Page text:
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Globalization at BMCC and Beyond

Alex D'erizans, Social Sciences and Human Services, and Cynthia Wiseman, Developmental Skills

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Geographic Information Science (GIS) is a new Associate in Science degree program at BMCC. A rapidly growing field in the scientific and technological sectors, GIS develops and uses information science in order to address the challenges of geography and earth science. Professors Ching-Song D. Wei (Computer Science), Yan Chen (Computer Information Systems), Patricia Mathews-Salaza (Social Sciences and Human Services) and Paula Saunders (Social Sciences and Human Services) spoke about this new degree program at BMCC’s 2nd  Globalization Day on April 29, 2013.

Globalization Day gave BMCC faculty and staff opportunities to participate in activities and conversations concerning global issues. The event, entitled “BMCC: A Path to the Global Community,” was spearheaded by The Globalization Faculty Interest Group, co-chaired by Prof. Alex d’Erizans (Social Sciences and Human Services) and Prof. Cynthia Wiseman (Developmental Skills). 

Globalization Past and Present

Globalization is not a new phenomenon of our present world. It has a vibrant past history of its own, according to Prof. Erik Freas (Social Sciences and Human Services). Prof. Freas’s presentation, “Globalization – Not a New Phenomenon: The Case of the Ottoman Empire,” provided an in-depth historical investigation of the processes and impact of centuries-old globalizing trends throughout the Ottoman Empire.

Letty Eisenhauer (Counseling and Advisement Center) brought the scrutiny of globalization to our present day with her talk, “Citizen and Illegal Immigrant in the Same Family.”  Eisenhauer reflected upon the often problematic impact of U.S. President Barack Obama’s deferred action program for illegal immigrants. 

Within the economic sphere, current globalization processes always cultivate winners, as well as losers. This was the focus of the presentation by Professor Mohammad Solemanyi (Social Sciences and Human Services), entitled “Labor Conditions in China.”

Prof. Dorothea Coiffe (Library) demonstrated and explored visual and textual art of the Islamic world in her presentation, “Reflections on Islamic Thought and Art.” Professor Coiffe called upon event participants to grapple with selected excerpts from two books, Islamic Arts by Jonathan Bloom and Sheila Blair, and Rumi: Poet and Mystic, edited and translated by Reynold A. Nicholson. She also presented clips from the DVD entitledIslamic Art: Mirror of the Invisible World, directed by Rob Gardner, and produced by Unity Productions Foundation, 2011.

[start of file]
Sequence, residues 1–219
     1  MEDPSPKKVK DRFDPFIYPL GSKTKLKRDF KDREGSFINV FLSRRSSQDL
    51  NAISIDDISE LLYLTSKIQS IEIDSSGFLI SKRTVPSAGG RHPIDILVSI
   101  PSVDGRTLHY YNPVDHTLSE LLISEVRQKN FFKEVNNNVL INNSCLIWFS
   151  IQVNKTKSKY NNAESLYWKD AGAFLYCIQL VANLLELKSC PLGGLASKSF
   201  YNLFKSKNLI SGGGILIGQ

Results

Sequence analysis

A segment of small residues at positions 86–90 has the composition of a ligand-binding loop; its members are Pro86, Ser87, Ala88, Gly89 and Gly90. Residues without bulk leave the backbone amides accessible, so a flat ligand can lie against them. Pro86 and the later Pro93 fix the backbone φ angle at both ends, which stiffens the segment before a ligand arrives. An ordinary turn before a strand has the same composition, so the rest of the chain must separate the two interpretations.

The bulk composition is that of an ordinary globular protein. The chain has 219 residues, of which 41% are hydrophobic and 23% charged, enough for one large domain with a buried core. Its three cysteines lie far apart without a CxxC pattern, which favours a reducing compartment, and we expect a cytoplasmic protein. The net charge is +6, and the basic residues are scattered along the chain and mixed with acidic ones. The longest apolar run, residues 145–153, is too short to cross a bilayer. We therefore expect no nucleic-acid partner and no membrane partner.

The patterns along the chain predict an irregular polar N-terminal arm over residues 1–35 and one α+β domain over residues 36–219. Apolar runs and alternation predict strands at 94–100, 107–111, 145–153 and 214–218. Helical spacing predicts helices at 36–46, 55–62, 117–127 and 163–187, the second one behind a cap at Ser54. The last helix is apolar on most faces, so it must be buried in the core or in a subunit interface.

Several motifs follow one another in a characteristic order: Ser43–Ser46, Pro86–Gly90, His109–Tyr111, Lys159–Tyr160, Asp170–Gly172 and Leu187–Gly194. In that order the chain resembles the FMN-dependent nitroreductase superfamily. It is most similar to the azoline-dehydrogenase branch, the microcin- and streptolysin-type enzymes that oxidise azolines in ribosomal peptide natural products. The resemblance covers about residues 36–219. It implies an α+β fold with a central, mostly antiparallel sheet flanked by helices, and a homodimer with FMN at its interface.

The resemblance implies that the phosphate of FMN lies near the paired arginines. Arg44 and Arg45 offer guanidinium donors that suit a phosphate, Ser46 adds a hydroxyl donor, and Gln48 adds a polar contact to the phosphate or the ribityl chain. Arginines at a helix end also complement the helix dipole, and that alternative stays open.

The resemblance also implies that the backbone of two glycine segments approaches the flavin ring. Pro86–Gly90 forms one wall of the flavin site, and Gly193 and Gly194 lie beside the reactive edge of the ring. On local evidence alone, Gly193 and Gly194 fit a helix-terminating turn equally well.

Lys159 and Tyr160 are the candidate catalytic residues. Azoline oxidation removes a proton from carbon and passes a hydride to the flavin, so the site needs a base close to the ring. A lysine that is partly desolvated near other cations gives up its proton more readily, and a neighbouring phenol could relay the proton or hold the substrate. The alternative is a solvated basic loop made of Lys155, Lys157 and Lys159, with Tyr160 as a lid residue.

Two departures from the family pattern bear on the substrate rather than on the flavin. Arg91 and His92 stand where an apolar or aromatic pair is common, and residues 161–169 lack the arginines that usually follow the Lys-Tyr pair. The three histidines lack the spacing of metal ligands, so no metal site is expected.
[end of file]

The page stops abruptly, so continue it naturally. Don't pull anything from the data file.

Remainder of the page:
Prof. Coiffe’s presentation was an outgrowth of a NEH/ALA grant that she received in January 2013, Bridging Cultures Bookshelf: Muslim Journeys. Through this grant she gained access to a collection of books, films, and a database, compiled with a view to familiarizing the American public with Islam and the cultural heritage of Islamic civilizations around the world. The collection intended to address both the need and the desire of the American public for trustworthy and accessible resources regarding Muslim beliefs and practices, as well as the cultural heritage associated with Islamic civilizations.  

A Culture of Global Citizenship at BMCC: Globalization Faculty Interest Group

The conceptual foundations for BMCC Globalization Day 2013 began with the Globalization Faculty Interest Group (FIG). The Globalization FIG, co-chaired by Prof. Alex d’Erizans (Social Sciences and Human Services) and Cynthia Wiseman (Developmental Skills), was established in 2009 within the Center for Excellence in Teaching, Learning, and Scholarship (CETLS).

Members of the Globalization Fig foster a culture at BMCC promoting perspectives vital for energetic engagement with a fast-changing and dynamic world. We host periodic lectures and roundtable discussions aimed at raising awareness of the world as an integrated system of promise and peril. The FIG is meant to animate members to personal and social action in order to secure a livable and sustainable world within which we serve as empowered and assertive global citizens.

Our Spring 2013 program began with an intense reflection upon, and scrutiny of, the multiplicity of definitions and implications of globalization. We examined and debated commentaries from the American political and social critic Avram Noam Chomsky, the Swedish author and historian author Johan Norberg, and the Hungarian-American businessman and philanthropist George Soros. In March, Professor Mohammad Soleymani (Social Sciences and Human Services) presented his article, “The Heavy Price of Globalization,” before the FIG, and subsequently spearheaded a discussion of the often ambivalent byproducts of global integration.

Through such activities, members of the FIG cultivate a culture of global citizenship at BMCC, and by doing so, hope to enable and encourage us all to forge our own meaningful place within an increasingly interdependent world.